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Delay of gratification: a comparison study of children with Down syndrome, moderate intellectual disability and typical development
Self-regulation has been found to be an important contributor to a range of outcomes, with delay of gratification (a self-regulatory skill) predicting better academic, social and personal functioning. There is some evidence that individuals with Down syndrome have difficulty with delay of gratification. We investigated the question of whether this difficulty is common to intellectual disability irrespective of aetiology, or whether it presents a particular problem for those with Down syndrome. The latter was considered a possibility because of language difficulties in this group.
Three groups of children with a mean MA between 36 and 60 months participated in the study: children with Down syndrome (n = 32), children with a moderate intellectual disability from a cause other than Down syndrome (n = 26) and typically developing children (n = 50). Children completed a series of measures of language and cognitive functioning and participated in a delay of gratification task.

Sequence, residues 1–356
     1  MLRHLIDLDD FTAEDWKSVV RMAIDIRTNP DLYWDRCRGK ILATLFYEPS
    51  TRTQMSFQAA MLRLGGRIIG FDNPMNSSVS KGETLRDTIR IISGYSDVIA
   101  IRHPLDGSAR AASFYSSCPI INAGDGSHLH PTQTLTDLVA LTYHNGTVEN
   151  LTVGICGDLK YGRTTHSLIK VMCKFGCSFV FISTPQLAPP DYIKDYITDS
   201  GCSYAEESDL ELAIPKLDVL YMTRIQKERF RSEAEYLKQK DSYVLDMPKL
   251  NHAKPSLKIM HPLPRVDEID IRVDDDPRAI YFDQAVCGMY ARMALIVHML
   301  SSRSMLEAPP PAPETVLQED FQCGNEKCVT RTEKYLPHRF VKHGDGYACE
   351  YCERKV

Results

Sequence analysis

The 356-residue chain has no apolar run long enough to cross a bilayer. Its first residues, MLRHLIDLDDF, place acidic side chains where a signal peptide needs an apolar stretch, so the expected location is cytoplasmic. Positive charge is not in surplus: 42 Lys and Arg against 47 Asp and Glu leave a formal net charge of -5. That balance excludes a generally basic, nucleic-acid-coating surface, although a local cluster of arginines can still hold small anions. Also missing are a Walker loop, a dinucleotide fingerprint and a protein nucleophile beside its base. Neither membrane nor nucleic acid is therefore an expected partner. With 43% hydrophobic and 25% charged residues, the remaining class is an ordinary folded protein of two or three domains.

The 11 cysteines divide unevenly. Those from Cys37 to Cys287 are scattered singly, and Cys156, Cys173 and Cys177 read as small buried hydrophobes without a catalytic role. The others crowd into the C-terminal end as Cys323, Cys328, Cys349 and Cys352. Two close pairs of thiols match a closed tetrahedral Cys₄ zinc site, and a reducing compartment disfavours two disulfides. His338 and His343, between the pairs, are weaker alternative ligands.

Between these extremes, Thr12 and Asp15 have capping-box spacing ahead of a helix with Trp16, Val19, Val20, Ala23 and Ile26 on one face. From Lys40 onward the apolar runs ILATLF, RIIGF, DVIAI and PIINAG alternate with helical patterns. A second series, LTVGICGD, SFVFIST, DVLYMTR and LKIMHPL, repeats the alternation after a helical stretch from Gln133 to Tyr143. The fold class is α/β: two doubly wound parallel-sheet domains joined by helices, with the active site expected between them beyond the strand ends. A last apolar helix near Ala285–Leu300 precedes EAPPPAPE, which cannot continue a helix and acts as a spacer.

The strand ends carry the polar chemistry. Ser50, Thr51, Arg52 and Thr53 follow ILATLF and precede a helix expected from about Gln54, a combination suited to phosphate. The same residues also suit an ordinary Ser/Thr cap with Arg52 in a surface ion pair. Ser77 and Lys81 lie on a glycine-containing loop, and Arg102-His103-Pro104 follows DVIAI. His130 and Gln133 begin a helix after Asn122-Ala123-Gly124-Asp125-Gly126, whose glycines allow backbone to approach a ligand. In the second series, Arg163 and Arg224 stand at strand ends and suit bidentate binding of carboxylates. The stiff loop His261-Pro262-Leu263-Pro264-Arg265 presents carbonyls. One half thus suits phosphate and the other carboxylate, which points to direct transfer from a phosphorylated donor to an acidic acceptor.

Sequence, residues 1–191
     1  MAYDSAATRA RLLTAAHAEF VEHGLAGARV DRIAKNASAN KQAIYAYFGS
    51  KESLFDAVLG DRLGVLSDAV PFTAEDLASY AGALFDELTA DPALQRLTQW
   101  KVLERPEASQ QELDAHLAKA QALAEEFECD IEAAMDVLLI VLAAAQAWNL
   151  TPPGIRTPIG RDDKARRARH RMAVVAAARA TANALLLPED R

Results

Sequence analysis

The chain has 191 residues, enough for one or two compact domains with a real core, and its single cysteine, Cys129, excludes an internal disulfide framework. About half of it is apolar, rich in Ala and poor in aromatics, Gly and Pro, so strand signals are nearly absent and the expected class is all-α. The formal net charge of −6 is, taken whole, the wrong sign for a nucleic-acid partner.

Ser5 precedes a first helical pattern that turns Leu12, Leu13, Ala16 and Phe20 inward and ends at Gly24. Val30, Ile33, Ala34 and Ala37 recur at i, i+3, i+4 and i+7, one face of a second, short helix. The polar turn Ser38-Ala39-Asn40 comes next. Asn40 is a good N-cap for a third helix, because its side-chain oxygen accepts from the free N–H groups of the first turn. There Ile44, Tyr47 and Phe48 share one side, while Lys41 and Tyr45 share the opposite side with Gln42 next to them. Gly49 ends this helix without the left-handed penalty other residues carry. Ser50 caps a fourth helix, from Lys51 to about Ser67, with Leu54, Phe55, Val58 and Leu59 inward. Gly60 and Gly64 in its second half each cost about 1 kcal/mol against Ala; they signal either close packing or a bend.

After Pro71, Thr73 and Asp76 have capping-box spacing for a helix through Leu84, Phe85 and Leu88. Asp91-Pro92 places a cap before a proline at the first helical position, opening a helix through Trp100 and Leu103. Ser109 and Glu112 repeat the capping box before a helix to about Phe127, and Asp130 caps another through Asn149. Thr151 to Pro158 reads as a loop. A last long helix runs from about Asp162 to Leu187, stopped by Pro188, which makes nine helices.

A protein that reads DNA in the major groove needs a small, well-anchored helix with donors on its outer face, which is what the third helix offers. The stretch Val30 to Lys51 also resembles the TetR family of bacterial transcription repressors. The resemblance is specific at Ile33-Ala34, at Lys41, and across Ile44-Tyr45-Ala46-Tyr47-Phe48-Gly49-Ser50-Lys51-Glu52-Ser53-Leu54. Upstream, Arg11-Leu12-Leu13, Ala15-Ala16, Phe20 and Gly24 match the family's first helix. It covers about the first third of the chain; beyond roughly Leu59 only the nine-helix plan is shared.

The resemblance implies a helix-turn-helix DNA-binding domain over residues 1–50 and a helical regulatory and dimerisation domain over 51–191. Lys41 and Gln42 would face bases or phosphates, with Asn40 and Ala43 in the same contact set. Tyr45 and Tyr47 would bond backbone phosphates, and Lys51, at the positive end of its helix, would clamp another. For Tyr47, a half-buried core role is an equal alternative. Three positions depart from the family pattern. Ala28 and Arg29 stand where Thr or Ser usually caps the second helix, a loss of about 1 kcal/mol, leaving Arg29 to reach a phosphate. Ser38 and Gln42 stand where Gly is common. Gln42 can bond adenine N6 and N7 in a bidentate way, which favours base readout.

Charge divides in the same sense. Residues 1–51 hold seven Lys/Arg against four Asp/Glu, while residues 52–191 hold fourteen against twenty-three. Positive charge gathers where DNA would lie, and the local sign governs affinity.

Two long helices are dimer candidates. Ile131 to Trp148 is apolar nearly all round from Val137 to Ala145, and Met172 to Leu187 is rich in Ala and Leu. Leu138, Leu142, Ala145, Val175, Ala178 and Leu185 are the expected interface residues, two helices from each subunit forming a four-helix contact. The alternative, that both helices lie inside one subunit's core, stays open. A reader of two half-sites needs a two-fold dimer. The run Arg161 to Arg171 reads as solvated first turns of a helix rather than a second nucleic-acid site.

The group of children with Down syndrome delayed for a significantly shorter time than either of the other two groups that did not differ from each other. Receptive language was associated with delay time for the children with Down syndrome but not for the typically developing group, nor for the group with moderate intellectual disability.
Children with Down syndrome appear to have a particular difficulty with delay of gratification. Language abilities would seem to be implicated in this difficulty, although further examination of this hypothesis is required.
Publication titleJournal of Intellectual Disability Research
Department/SchoolFaculty of Education
PublisherWiley-Blackwell Publishing Ltd
Place of publicationUnited Kingdom
Rights statement© 2016 MENCAP and International Association of the Scientific Study of Intellectual and Developmental Disabilities and John Wiley & Sons Ltd